There are very few people that I learn more from in the organic industry than Andrew Kimbrell, Executive Directory of the Center for Food Safety (CFS) in Washington, D.C.
Not only does Andrew Kimbrell preside over one of the most important non-profits in the fight for healthy and organic food, but he is also one my favorite interviews (see HERE and HERE).
For President’s Day recently, Andrew wrote an excellent piece about what is truly taking place in our country, and I wanted to share it with you below. If you like what he has to say here, be sure to sign up for the CFS newsletter and please consider supporting this phenomenal organization.
President’s Day is an appropriate time to reflect on the state of our U.S. democracy. And there is some very good news across the country about the spread of local democracy, but you have not heard or read much about it in the mainstream media. Remarkably, this democratic surge has taken place despite the massive influx of corporate dollars from those who want to stomp out popular rule as it threatens their power and profits. But more about them later.
Let’s start with the big positive. Too often, democracy has meant voting every couple of years for a candidate that is “the lesser of two evils.” But now citizens and their representatives all across the country are voting directly on major social and technology issues that impact their families and neighborhoods. Often, they are saying no to technologies that will poison their water, destroy their land and biodiversity, and threaten the health of their children and communities. Read More »
Right now in the U.S., there is no such thing as USDA certified organic fish. Why?
Because organic standards for fish have never been passed.
That may soon change, however. The USDA is getting close to finalizing organic aquaculture production regulations, based upon recommendations from the National Organic Standards Board (NOSB).
And what is being proposed — including allowing ocean-based fish farms and the use of wild fish, meal or oil — is a horrible idea. Not only will these standards harm the ocean’s ecosystem, but they will impact the integrity of the organic seal.
Despite the fact that organic is more popular than ever and companies such as Walmart and Target are significantly boosting their offerings, one would think that support for organic in Washington, D.C. would be growing as well.
Sadly, that is not the case.
Not only is support for organic not growing, the Obama administration and his USDA are doing everything they can to weaken organic standards and dismantle the authority of the National Organic Standards Board (NOSB), an independent, 15-member advisory board which helps to oversee the industry and make important recommendations.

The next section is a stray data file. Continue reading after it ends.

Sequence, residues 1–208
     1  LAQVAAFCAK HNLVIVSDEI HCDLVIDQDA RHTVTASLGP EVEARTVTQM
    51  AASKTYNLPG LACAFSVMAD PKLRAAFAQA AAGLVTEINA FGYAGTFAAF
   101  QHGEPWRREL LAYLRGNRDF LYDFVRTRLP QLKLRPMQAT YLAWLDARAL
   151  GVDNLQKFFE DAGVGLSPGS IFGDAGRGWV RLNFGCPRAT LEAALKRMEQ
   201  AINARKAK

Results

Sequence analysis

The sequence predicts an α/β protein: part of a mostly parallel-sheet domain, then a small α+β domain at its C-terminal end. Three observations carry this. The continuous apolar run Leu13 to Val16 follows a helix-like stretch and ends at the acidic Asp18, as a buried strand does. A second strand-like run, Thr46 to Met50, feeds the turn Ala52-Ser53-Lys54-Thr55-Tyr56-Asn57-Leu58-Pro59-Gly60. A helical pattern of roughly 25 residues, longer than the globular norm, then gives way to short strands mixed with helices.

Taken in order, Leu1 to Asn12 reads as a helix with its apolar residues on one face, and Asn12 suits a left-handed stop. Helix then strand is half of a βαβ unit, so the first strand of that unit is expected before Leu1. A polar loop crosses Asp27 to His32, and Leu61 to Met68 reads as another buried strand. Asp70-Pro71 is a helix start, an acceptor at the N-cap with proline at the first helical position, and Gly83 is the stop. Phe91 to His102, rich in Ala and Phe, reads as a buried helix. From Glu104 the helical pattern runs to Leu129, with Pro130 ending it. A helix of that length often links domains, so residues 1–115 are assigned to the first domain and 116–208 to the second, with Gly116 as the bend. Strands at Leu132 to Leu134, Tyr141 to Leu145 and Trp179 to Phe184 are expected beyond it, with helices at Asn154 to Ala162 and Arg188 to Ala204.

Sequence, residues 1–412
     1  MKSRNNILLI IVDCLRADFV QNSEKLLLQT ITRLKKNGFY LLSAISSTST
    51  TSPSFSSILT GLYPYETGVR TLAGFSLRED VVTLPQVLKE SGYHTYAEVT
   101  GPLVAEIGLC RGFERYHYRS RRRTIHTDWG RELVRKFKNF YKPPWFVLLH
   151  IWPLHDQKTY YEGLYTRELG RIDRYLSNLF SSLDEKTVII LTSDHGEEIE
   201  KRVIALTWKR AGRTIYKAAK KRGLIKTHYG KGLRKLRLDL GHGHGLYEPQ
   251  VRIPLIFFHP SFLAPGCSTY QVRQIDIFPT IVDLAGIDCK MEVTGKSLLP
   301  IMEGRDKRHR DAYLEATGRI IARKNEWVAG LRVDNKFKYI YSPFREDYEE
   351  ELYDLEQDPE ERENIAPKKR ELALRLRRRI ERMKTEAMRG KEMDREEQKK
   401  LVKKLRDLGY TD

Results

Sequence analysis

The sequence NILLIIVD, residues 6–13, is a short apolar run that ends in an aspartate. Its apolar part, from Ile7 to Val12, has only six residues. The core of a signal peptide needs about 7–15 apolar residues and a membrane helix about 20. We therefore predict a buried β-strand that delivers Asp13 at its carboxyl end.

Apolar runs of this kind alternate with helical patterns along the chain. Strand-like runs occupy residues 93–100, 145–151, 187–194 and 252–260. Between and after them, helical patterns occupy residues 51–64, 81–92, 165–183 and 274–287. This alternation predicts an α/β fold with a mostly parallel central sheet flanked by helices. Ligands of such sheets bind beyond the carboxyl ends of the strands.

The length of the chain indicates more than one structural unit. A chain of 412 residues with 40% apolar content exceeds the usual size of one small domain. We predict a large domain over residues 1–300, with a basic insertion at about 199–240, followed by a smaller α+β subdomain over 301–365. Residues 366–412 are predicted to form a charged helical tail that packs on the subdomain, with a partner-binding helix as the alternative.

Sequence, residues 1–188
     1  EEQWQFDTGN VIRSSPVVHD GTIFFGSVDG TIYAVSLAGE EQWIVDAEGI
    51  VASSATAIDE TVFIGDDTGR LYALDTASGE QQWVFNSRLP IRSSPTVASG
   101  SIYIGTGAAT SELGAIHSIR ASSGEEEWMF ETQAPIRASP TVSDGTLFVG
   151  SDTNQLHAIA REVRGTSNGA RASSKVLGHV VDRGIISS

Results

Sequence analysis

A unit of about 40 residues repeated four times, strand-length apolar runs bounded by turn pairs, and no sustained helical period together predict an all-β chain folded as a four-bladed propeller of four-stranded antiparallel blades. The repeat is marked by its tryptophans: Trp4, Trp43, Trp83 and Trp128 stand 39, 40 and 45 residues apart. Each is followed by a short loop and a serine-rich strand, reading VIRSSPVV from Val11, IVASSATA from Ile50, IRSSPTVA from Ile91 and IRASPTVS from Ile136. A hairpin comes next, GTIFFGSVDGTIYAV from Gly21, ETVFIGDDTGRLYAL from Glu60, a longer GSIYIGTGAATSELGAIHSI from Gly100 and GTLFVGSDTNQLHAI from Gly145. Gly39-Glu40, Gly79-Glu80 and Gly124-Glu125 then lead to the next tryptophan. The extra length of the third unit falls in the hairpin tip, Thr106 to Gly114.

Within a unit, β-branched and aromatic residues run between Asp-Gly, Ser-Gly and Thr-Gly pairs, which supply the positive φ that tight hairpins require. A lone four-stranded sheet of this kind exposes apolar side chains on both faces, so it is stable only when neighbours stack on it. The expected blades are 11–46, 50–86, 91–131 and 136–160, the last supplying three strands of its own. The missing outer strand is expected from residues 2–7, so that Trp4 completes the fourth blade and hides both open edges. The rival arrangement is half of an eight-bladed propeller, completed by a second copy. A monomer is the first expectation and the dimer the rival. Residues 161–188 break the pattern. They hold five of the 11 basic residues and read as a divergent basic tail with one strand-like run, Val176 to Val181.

THE SUNSET RULE
One of the most important policies that we have in organic is something called The Sunset Rule. What this means is the following. Read More »
Ever since I started eating organic food in 2001, people have asked me – why do you eat organic?
The most common answer that I give is that I don’t want to consume toxic pesticides or GMOs. That seems to resonate with people and they can easily understand it.
Over the last few years, however, my answer has evolved.
Of course, I mention the pesticides, but I also talk about how the chemicals used in conventional agriculture ruin our water supply (94% of our water now contains Atrazine) and sicken farm workers (residents in the farming community of Central Valley, CA are forced to drink bottled water because the tap water has become so contaminated from pesticides). Read More »
As a follow-up from that post, I got an e-mail from a reader asking how she would know if she is eating genetically-modified soy or not.
Figuring that many other people may have that same question, I wanted to explain how to avoid eating genetically-modified food (GMOs) and the things that you need to look out for.
#1 – Buy USDA Certified Organic Products GMOs are prohibited in organic food. Therefore, look for products that contain the USDA certified organic seal.
Even though GMOs are prohibited in organic, organic crops can be contaminated by GMOs through cross-pollination and drift. (That is why the proliferation of GMOs is a real threat to organic farming. The co-existence of GM-crops and organic crops is simply not possible, despite what our government would like us to believe.)
USDA rules require that organic certifiers test samples from at least 5% of the operations they certify on an annual basis. Read More »